Thanks to recent reforms and new strategies, positive things are happening in California workers’ compensation insurance. Below are 10 trends on our “good news” list:
- Lower premiums. Last year California employers paid an average of 10 percent less in workers’ compensation premiums according to the 2018 State of the System report by the Workers’ Compensation Insurance Rating Bureau (WCIRB) of California.
- Better treatment environment for injured workers. The environment for injured workers is improving, thanks to the use of evidence-based medicine to guide treatment decisions; improved access to network physicians; and the Independent Medical Review (IMR) process to determine the necessity of treatment and settle disputes.
- Claims settled faster. That same IMR process is leading to quicker resolution of medical treatment and quicker claims settlements.
- A new prescription drug formulary. The state’s new prescription drug formulary is helping to ensure that the drugs injured workers are getting meet evidence-based medicine standards. The new formulary is expected to streamline the process, improve efficiency, and reduce pharmacy costs by roughly 10 percent.
- Progress on anti-fraud efforts. Lien filings have dropped by roughly 40 percent, 227 medical providers have been barred from treating California’s injured workers, and 292,000 illegitimate liens with claims valued at more than $2.5 billion have been dismissed.
- Self-reporting shows promise. Some employers have improved results through self-reporting policies. For example, in 2015 Starbucks implemented a self-reporting system that allows employees to self-report claims rather than going through a manager. The program provides an integrated work comp call center, a dedicated telephonic medical case management team, direct deposit of time-loss pay, and other perks. The result? Starbucks has boosted efficiency, slashed work comp loss reserves by more than $50 million, increased the percentage of claims achieving maximal medical improvement and release to work from 51 percent to 86 percent, and cut claims litigation by 50 percent.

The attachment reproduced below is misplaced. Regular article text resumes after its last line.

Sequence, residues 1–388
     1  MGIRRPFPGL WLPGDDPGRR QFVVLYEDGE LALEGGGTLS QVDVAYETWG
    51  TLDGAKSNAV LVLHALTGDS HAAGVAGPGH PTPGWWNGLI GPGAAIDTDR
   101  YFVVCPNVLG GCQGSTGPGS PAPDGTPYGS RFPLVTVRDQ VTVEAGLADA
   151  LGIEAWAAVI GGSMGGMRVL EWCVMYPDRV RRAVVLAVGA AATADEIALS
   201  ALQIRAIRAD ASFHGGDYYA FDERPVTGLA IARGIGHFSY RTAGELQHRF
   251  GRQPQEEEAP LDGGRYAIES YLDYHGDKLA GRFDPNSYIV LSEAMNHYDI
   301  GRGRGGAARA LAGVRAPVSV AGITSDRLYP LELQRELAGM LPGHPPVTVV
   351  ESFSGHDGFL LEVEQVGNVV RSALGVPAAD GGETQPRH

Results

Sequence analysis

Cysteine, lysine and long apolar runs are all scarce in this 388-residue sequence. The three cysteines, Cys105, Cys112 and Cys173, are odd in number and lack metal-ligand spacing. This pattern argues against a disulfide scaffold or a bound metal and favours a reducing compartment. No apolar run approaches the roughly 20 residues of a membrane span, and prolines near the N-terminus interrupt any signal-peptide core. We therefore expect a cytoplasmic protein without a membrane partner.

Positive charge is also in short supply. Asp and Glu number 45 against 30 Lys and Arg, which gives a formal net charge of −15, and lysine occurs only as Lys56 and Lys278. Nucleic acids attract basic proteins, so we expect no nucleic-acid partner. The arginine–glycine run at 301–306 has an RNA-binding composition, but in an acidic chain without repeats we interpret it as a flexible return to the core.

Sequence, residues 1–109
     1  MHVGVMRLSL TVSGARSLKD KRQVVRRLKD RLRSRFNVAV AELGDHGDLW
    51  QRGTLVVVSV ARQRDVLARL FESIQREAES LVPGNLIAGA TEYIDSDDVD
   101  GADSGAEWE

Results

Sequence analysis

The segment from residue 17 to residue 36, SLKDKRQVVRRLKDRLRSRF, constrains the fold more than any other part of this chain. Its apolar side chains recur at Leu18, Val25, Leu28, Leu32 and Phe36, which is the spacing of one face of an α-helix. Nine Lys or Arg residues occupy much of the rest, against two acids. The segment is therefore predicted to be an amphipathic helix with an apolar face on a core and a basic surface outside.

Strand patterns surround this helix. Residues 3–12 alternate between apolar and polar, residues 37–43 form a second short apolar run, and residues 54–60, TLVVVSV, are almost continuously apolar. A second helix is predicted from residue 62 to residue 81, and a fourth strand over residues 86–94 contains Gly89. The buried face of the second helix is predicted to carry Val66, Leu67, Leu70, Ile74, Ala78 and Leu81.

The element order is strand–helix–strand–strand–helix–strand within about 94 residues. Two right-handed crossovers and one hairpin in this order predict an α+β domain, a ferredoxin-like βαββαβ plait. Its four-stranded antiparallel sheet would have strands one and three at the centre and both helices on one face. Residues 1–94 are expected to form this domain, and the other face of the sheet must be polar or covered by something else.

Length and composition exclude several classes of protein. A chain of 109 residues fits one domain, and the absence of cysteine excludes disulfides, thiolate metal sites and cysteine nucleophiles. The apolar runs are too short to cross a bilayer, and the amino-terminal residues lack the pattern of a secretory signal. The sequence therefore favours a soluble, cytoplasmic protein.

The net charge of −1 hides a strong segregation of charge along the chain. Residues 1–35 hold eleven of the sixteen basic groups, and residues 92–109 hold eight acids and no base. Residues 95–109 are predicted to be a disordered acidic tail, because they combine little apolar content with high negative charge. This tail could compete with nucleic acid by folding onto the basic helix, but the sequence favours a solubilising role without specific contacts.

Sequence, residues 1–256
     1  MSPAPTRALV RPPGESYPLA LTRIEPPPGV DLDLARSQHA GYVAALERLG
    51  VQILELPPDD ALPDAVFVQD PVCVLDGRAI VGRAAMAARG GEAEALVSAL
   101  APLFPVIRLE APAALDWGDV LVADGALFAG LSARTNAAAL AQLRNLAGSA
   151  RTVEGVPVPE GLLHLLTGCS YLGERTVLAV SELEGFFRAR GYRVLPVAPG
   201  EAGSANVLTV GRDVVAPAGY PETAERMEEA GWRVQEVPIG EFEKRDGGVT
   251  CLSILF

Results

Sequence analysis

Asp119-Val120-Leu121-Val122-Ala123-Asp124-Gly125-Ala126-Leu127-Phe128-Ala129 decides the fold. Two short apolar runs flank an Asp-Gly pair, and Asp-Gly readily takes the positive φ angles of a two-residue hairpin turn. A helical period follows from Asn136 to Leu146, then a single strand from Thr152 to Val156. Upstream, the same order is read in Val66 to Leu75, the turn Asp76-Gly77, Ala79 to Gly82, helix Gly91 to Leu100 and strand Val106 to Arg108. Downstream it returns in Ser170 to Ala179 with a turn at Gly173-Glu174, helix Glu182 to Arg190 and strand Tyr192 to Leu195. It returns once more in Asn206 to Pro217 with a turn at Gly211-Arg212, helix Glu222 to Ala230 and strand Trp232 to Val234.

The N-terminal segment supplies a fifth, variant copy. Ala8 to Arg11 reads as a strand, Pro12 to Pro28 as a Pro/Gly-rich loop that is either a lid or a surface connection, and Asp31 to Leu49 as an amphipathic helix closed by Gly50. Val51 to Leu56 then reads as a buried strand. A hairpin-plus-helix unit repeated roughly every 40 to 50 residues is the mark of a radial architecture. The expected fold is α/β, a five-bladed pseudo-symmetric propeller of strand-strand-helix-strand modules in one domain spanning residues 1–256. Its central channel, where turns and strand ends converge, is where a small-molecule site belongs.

- Early intervention works. According to the Bureau of Labor Statistics, musculoskeletal disorders (MSDs) – carpal tunnel, tendinitis, muscle strain, and low back injuries – account for 33 percent of all worker injury and illness cases. Early intervention helps control MSD treatment costs. That’s why Schenker Logistics (Essen, Germany) implemented early intervention programs in their U.S. operations. The program assesses injured workers on the spot and educates them on how to perform tasks more safely. The result? Schenker slashed their previous $2 million in MSD claims to under $500.
- Onsite triage reduces lost time. In 2017 California discount retailer 99 Cents Only implemented an onsite triage program in two of their stores with high occurrences of injuries. Clinicians triaged injuries immediately, and the company used a ride-hailing service to quickly transport injured workers for treatment. The company reported a 41 percent reduction in lost time claims in the first 12 months of the program.
- Advances in telehealth. Telemedicine is evolving into telehealth, encompassing more comprehensive services such as physical therapy, behavioral health, and pain management. And technology is driving much of the change, with video, artificial intelligence, smartphone apps, and other technology all playing a role. These interactive formats make the process more convenient and transparent for injured workers, boost efficiency, and reduce costs.
- Robotics. Everything from physical therapy to repetitive motion assistance to medication dispensing systems to clerical work in claims handling are using robotics. Increased efficiency, fewer errors, more transparency, and lower costs are resulting.
Want more good news out of your workers’ compensation insurance program? Contact the California workers’ compensation insurance professionals at Heffernan Insurance Brokers.